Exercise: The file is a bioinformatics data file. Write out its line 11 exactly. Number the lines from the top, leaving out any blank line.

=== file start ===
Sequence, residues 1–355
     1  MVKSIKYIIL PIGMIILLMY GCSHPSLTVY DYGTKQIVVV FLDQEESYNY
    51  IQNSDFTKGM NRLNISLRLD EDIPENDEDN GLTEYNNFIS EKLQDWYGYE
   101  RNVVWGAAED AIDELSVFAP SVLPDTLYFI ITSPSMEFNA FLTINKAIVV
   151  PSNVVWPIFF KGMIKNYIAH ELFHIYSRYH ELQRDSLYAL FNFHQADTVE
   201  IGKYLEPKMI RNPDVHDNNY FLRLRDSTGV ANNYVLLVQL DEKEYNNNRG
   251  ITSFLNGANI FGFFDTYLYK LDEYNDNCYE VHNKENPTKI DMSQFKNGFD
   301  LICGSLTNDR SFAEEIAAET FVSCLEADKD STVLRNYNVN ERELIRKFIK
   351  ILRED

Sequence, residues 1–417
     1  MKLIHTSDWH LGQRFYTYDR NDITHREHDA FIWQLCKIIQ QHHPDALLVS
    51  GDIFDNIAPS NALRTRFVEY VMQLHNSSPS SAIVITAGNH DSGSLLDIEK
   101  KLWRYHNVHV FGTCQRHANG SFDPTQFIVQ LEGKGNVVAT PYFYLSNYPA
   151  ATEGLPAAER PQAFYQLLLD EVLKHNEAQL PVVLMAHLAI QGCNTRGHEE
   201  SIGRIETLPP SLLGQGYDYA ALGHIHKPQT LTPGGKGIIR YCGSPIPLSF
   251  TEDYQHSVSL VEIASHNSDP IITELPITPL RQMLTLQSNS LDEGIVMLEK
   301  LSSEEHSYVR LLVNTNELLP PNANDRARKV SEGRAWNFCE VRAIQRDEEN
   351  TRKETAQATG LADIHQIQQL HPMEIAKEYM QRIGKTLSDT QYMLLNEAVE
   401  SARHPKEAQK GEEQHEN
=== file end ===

     1  MKLIHTSDWH LGQRFYTYDR NDITHREHDA FIWQLCKIIQ QHHPDALLVS